Iowa high court orders new criminal trial, orders victim suicide records
December 11, 2020—the Iowa Supreme Court decided State of Iowa v. Fontae Cole Buelow today, holding that an alleged murder victim’s mental health records and suicidality were admissible to prove she killed herself—and, thus, that the murder trial defendant did not commit the crime.
Writing for the Court, Iowa Supreme Court Chief Justice Susan Larson Christensen recounted the alleged facts of the case: the defendant, Fontae, and the alleged murder victim, Samantha, lived together. They began an evening together at a hotel, went to a bar, argued, and the night ended with the defendant’s 911 call alleging that Samantha had stabbed herself once in the stomach. She, sadly, passed away.
The State of Iowa charged Fontae with murdering Samantha after authorities allegedly found her with three stab wounds to the chest piercing her heart and lungs—two of the three wounds were independently fatal.
Fontae asked the court to order the disclosure of Samantha’s mental health records before the criminal trial, arguing that the records would bolster his claim that she killed herself by self-inflicted stab wounds. Fontae wanted the jury to see the records and hear about how she wanted to kill herself.
The trial court disclosed the records to Fontae and the prosecutor—but limited the defense expert’s review to records reaching back one year before Samantha’s death. The records “contained a discussion of [Samantha’s] prior suicide attempts, diagnoses that may increase the risk of suicide, and statements of suicidal ideations.”
At the criminal trial, the judge did not allow the defense psychiatric expert to comment on whether Samantha was suicidal on the night of her death—acting “in conformance with her past conduct.”
In addition, the judge ordered that the jury never see the mental health records and ordered all non-expert witnesses not to talk about Samantha’s suicidal tendencies.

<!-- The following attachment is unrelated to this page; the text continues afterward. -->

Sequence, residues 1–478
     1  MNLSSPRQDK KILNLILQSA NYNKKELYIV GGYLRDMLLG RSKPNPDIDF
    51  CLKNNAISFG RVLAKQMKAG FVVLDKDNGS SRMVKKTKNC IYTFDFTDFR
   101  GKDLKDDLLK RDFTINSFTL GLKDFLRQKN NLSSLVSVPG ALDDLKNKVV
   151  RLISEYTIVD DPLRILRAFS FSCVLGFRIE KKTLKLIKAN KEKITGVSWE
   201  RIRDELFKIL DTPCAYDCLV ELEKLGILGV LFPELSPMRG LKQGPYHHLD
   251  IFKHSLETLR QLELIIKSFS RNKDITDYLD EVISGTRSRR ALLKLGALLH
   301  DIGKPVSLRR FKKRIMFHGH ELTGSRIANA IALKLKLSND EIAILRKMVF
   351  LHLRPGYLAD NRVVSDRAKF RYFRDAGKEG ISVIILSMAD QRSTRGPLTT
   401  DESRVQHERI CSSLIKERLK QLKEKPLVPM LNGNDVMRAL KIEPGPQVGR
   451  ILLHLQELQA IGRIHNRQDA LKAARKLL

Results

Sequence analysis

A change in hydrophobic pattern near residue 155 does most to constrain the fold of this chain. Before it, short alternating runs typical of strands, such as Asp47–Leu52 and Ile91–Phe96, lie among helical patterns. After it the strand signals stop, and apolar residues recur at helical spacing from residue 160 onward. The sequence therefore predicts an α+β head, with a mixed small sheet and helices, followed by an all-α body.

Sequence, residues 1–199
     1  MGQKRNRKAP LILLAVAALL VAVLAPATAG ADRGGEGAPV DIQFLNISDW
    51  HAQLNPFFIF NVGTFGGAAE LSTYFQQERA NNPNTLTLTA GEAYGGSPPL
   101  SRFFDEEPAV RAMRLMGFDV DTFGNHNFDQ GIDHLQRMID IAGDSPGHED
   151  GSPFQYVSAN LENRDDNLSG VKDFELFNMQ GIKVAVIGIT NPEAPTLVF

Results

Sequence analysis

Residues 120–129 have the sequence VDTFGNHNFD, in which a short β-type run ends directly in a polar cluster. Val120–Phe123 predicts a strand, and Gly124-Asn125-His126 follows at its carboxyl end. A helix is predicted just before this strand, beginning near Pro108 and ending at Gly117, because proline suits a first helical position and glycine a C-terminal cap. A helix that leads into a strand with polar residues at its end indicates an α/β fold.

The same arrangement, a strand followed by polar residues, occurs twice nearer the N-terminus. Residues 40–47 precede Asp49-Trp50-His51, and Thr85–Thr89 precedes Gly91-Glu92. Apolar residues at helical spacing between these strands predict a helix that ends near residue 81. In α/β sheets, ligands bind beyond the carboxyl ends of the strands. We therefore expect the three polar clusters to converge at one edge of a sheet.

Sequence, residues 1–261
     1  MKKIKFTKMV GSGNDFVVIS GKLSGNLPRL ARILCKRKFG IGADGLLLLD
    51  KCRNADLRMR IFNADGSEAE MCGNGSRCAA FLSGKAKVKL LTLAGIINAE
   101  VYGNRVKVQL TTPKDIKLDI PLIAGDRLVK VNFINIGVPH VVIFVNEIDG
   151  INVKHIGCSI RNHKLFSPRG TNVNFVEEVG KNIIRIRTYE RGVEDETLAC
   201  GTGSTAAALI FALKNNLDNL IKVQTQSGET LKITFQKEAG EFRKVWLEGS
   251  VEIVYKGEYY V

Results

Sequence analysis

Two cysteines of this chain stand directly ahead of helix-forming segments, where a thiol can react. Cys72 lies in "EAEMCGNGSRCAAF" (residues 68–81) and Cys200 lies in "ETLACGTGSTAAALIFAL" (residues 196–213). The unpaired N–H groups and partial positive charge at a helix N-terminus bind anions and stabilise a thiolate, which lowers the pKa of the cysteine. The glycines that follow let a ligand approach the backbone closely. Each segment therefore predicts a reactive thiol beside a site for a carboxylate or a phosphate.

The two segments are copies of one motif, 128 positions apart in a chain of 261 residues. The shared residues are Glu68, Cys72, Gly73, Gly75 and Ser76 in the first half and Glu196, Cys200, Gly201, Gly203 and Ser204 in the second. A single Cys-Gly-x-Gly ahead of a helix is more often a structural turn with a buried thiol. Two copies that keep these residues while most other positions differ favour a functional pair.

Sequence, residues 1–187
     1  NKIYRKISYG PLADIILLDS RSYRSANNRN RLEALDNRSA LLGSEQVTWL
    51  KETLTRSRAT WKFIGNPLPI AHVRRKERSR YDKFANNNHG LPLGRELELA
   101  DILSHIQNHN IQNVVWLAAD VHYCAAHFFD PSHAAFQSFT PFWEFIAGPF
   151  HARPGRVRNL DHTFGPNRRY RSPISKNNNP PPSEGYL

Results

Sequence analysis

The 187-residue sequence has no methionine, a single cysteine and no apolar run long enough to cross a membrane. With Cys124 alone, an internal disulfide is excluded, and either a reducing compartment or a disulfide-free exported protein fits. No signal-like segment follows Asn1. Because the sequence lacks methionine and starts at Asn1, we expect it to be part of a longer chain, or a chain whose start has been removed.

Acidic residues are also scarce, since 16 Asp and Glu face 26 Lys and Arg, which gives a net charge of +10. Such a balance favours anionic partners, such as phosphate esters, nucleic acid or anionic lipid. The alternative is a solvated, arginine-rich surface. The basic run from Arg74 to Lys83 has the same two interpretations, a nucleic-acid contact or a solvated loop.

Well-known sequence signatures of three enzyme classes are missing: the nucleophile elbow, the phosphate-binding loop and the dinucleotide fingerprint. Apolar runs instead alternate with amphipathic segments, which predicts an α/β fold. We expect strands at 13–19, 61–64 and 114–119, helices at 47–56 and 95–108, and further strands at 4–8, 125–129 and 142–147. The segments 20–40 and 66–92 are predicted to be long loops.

The defendant fought this ruling and asked the court to allow its expert to review mental health records five years back instead of just one and also to let the jury see the mental health records.
Fontae also sought to describe at least one previous, undated incident where Samantha had grabbed a knife in the apartment before her death. The judge said the description was “too remote” from Samantha’s death and did not let the jury hear it.
The jury found Fontae guilty of second degree murder. The court of appeals reversed on the district court’s evidentiary rulings and sent the case back for a new trial on that basis.
The State asked the Iowa Supreme Court, higher up than the Iowa Court of Appeals, to intervene and strike down the order for a new trial. The Iowa Supreme Court upheld the order for a new trial.
Justice Christensen wrote that there were five issues raised on appeal:
1. Whether the mental health records are “hearsay”
2. Whether the mental health records are relevant
3. Whether mental health records are inadmissible “character evidence”
4. Whether mental health records are unfairly prejudicial
5. Whether there was so much other evidence that it wouldn’t matter whether the mental health records were shown to the jury